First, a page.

Poor grassland and prime arable land set to lead growth in 2023

Poor-quality livestock land and prime arable land will see the greatest value growth over the next few years, forecasts Savills.

Interest in poorer-quality grazing land for alternative uses has pushed values up by 20% since December 2020, the firm says.

Demand is likely to continue over the next five years as the pressure for carbon and nature solutions on rural land intensifies.

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Savills notes that Welsh farmland has underperformed compared with growth rates in the rest of the UK and suggests this as an investment tip for capital growth.

The historic lack of supply is behind the firmness of the forecasts, supported by the growing interest in non-food uses including fibre, fuel, rewilding and biodiversity net gain.

The firm predicts that prime arable land values will increase in real terms by 2.5% a year and poor livestock land by 6% a year over the next five years.

This is in contrast to some of the other property asset classes in the forecast, such as retail warehousing, where rental values rather than capital will provide the higher growth rates. 

Forecast UK farmland land value rises over next five years (real terms)

  • Prime arable land values up 2.5% a year
  • Poor livestock land up 6% a year

Low supply v higher interest rates

Low supply will outweigh the impact of higher interest rates on the farmland market, says Savills, supported by the keen interest in non-agricultural uses for land.

“With traditional purchasers of land facing stiff competition from a new era of deep-pocketed nature-positive and impact-motivated buyers, land values are likely to continue to outpace target inflation,” says the forecast.

Residential market

Mainstream house prices are forecast to fall by 10% at a national level in 2023, but with these losses being made up by 2026.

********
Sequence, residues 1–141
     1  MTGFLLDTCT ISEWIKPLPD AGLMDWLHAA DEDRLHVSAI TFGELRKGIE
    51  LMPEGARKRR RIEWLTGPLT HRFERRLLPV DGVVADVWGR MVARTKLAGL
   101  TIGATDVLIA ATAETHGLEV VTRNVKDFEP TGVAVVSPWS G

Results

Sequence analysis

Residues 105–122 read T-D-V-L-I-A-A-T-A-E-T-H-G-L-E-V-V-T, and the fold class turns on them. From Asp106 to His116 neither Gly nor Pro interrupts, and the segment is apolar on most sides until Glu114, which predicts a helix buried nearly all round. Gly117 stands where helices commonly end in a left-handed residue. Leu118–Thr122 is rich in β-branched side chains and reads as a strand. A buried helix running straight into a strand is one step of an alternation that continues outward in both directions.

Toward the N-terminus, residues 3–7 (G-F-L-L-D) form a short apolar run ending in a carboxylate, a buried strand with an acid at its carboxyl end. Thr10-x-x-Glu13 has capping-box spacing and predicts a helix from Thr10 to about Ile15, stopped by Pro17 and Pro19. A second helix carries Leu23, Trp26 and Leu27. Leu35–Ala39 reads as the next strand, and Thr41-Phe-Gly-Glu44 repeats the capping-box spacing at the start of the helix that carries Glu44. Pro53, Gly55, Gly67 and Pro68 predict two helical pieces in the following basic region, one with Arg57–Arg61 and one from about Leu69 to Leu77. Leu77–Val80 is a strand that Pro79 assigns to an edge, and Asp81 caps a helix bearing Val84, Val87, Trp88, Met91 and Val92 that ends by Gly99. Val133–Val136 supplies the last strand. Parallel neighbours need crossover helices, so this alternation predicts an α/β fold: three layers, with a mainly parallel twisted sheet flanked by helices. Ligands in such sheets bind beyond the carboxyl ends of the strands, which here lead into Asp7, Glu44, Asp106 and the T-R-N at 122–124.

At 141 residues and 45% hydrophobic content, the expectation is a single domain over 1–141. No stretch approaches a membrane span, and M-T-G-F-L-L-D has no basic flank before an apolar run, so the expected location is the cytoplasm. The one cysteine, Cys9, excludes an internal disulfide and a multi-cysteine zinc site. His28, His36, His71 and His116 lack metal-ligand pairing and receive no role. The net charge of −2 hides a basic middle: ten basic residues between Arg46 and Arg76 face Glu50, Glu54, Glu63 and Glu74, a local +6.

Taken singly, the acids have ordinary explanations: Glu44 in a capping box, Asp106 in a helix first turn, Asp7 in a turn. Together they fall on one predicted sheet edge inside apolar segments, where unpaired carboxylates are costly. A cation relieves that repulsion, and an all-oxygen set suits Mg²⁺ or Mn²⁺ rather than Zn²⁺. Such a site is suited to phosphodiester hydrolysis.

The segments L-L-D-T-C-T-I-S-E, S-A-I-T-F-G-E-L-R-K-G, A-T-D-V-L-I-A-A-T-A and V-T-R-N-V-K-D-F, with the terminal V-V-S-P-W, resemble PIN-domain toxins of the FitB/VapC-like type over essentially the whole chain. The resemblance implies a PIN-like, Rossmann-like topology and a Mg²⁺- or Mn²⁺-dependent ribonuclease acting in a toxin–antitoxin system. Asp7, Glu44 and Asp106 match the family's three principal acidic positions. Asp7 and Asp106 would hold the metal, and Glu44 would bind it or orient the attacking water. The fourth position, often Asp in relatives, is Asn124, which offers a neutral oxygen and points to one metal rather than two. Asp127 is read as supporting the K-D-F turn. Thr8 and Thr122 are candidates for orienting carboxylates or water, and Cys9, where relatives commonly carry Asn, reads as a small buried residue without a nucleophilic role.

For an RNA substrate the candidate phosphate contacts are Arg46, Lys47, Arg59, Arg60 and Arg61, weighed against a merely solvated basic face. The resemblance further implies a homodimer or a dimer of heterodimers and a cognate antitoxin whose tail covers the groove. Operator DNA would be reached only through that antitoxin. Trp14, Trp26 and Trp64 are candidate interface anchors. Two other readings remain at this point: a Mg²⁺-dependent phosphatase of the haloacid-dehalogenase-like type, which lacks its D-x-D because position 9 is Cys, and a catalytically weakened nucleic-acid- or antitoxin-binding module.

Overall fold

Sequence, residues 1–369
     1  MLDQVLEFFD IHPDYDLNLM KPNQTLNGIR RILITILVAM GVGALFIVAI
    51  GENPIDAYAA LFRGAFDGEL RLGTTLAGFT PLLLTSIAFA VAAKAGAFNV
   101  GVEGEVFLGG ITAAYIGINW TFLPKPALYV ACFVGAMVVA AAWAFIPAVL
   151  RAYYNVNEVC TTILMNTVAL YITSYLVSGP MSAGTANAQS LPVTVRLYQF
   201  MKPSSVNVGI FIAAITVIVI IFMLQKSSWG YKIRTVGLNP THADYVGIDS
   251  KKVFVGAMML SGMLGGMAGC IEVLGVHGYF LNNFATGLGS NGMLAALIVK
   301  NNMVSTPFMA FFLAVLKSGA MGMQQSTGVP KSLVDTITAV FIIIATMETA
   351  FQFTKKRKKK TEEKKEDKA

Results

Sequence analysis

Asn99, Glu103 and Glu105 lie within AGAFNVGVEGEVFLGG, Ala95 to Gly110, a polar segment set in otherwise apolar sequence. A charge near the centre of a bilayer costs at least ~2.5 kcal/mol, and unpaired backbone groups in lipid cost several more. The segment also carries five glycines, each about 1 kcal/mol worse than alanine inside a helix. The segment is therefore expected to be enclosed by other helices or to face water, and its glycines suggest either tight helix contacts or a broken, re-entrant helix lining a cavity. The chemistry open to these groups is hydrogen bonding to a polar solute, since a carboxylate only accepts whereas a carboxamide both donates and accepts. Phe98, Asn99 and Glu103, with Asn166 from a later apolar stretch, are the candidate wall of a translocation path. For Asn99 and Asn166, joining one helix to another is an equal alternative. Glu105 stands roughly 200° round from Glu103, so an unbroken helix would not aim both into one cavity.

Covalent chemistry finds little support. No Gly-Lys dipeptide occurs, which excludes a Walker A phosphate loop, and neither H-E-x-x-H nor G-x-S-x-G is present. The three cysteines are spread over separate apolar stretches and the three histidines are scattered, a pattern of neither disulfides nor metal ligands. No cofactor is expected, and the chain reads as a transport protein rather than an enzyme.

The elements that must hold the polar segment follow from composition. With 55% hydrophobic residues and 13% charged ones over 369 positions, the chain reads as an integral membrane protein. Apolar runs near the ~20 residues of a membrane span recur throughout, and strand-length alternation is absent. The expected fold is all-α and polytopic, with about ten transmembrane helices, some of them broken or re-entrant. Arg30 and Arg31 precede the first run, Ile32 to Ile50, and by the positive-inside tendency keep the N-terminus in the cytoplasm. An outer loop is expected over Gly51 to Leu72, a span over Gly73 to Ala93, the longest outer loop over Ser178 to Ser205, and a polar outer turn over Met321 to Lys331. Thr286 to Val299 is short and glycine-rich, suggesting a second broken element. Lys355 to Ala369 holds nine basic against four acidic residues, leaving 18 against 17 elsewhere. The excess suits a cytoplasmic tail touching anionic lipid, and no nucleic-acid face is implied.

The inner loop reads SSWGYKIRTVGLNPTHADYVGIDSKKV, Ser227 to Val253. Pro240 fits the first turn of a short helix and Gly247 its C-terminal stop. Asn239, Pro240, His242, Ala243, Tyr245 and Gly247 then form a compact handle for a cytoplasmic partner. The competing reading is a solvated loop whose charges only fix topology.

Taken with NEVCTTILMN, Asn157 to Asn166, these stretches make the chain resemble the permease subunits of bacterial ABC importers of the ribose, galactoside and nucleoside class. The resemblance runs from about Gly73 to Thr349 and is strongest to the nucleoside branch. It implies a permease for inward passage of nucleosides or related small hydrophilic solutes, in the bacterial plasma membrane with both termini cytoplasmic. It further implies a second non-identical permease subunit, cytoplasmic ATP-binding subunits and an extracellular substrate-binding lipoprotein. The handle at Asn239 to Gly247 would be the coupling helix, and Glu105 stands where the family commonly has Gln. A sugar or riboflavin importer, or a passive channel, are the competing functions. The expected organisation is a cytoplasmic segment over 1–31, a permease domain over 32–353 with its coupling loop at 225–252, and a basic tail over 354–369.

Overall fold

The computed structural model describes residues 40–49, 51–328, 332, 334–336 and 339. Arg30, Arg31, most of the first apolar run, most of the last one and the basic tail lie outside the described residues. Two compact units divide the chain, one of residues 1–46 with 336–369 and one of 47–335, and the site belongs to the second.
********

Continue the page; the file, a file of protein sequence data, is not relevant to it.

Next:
Demand for private rented accommodation will remain high in the face limited supply, says the firm.

The rural rented market is no different. The growth of remote and hybrid working has widened the acceptable commuting distance around towns and cities, pushing up both house prices and rental values.

Competition in this market is seeing some tenants willing to pay a year’s rent up front to secure a property, often funded by deposit savings in a market where these tenants would have been buyers but have not been able to secure a mortgage or a property, says Christopher Miles, a director of Savills farms and estates.  

Commercial opportunity

There is an overwhelming lack of UK offices with high environmental ratings, says the firm.

Those looking for rural workspaces, as elsewhere, are increasingly wanting property with sustainable credentials, ideally a carbon-neutral building.  

“Continued occupier demand for prime high-quality, highly rated sustainable offices and warehouses is set to deliver rental growth despite any recessionary shocks to demand,” says the forecast.

Landowners looking to convert buildings for alternative uses should bear this in mind, says Mr Miles.

“It makes sense because it lowers the running costs and makes it more attractive overall. It certainly helps with marketing.”

Commercial forestry

Commercial forestry land has seen record capital value growth in the past 20 years but, having matured, this market looks set to calm in 2023.

However, timber supply is tight and the market will continue to be supported by demand.

“Prospects for [forestry] capital growth are more closely linked to timber prices, and we are unlikely to see negative growth over the next five years,” says the report.

“The monetisation of natural capital in response to the climate crisis remains the unknown factor. Converting the theoretical value of woodland into financial returns is key – the government could do more to stimulate demand-side drivers.”